Many restaurants have kept the foundational aspects of balance, presentation, and fresh, healthy ingredients but have put a bit of their own spin on it. In many cases, this means keeping the staples of the meal and changing the number of dishes. This doesn’t mean the amount of food is increasing but instead provides the opportunity for a more varied number of tastes, cooking methods, and, of course, the chance to display them in a fresh, modern way. So don’t be surprised if you come across a meal reminiscent of Ichiju Sansai that looks slightly different.

A traditional Japanese meal laid out on a white fabric placemat. There is rice to the left, soup to the right and fish in the center. There are four side dishes plus pickles, and a cup of dark-colored tea. There are wooden chopsticks sitting on a red chopstick rest at the front of the meal, with the tip of the chopsticks facing to the left.
You may find more than two side dishes presented in a traditional Japanese meal (Ichiju sansai), but the premise remains the same: that there is balance and variety to the meal /via Getty Images.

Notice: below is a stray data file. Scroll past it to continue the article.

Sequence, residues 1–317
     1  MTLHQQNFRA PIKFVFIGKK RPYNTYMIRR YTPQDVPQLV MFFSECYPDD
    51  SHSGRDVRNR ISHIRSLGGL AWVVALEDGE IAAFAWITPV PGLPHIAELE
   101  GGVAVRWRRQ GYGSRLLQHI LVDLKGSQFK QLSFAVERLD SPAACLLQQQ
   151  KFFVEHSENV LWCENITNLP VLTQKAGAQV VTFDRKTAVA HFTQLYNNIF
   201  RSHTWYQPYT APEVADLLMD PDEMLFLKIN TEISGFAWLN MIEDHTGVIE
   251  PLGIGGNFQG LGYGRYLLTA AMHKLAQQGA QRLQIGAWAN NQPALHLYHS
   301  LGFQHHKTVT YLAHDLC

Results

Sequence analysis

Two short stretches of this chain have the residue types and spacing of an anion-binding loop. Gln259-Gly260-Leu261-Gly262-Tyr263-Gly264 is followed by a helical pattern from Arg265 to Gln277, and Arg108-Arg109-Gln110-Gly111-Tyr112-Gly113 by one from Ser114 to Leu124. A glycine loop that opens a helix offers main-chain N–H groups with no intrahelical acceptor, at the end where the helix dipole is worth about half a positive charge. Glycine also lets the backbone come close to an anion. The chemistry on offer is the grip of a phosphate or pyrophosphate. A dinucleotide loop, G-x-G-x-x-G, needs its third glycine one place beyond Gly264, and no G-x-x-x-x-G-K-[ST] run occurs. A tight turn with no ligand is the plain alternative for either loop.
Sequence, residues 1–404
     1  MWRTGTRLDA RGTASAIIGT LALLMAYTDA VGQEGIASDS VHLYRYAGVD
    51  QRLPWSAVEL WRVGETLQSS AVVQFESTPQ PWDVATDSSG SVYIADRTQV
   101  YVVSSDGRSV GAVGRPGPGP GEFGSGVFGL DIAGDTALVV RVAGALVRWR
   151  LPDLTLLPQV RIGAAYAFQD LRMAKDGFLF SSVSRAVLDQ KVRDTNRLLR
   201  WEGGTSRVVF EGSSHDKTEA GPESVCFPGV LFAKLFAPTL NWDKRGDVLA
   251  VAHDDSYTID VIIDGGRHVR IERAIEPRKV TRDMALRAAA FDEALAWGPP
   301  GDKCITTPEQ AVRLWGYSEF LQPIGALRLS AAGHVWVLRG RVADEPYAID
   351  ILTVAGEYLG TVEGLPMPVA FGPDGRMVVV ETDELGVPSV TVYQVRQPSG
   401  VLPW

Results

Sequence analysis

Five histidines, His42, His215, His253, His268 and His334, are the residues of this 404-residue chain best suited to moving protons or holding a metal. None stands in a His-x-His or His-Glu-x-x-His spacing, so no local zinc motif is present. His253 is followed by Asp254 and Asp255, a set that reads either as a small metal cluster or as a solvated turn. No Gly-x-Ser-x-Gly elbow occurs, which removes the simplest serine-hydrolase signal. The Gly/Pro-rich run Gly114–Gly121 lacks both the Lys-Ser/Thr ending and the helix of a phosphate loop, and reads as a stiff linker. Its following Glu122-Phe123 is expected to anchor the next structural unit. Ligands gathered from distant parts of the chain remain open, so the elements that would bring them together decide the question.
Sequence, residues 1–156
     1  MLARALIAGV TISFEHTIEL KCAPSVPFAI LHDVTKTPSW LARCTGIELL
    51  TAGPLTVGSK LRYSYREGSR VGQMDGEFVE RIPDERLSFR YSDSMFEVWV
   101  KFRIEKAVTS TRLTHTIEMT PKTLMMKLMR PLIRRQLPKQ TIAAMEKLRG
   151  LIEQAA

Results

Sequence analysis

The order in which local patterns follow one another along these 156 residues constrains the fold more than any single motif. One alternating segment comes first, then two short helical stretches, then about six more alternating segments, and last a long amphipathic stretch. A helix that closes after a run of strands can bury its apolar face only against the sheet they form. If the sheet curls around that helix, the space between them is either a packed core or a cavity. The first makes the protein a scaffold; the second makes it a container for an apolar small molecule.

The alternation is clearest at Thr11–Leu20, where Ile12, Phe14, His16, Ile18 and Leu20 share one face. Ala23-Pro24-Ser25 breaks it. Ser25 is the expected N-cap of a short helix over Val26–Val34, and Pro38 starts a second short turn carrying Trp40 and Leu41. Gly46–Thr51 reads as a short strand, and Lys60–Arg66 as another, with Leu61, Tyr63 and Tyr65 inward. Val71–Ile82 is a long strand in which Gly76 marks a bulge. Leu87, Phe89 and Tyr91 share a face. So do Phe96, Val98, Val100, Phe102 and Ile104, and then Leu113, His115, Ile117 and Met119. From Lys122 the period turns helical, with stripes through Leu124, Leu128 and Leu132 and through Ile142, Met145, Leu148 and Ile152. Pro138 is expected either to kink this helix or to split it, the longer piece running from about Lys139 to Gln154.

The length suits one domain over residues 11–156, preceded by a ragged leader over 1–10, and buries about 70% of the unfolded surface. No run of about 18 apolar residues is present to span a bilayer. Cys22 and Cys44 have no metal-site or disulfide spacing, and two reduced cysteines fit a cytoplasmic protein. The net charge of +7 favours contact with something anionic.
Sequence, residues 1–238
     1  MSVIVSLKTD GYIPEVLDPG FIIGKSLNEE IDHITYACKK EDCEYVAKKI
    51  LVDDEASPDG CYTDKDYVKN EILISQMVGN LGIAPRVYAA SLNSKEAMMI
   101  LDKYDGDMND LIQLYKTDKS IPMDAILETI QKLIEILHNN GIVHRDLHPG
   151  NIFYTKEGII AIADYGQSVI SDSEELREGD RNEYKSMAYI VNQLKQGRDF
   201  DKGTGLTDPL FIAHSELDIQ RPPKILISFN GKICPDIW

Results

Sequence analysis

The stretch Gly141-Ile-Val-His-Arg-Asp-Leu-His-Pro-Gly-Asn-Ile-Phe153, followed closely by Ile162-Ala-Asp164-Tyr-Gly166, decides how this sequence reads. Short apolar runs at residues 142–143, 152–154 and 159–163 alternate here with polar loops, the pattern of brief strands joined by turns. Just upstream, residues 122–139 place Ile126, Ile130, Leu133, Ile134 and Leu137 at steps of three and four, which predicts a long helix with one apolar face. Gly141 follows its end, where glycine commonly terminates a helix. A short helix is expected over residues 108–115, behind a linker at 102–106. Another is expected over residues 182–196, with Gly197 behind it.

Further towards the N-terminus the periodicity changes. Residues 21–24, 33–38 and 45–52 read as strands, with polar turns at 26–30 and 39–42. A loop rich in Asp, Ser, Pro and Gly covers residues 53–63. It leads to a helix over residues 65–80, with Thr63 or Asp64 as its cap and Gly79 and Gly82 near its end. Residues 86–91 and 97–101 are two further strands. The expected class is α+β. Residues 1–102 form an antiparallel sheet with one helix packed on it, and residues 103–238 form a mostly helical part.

The next time you eat Japanese cuisine, especially if you are wary because you don’t know what the food is, consider this attention to detail and enjoy the beauty and precision that went into planning that meal. There really is something special to it.

I know when I first came to Japan, there were many rules of etiquette that I couldn’t understand or didn’t necessarily want to follow, but the more I eat these meals, the more I can see and taste the importance behind this tradition. A culture that works tirelessly to present something that is so visually beautiful, exceptionally healthy, and unbelievably delicious definitely demands our respect.

Don’t forget to say “Itadakimasu” (いただきます) before you start eating and “Gochisōsama” (ご馳走様, ごちそうさま) when you’re done!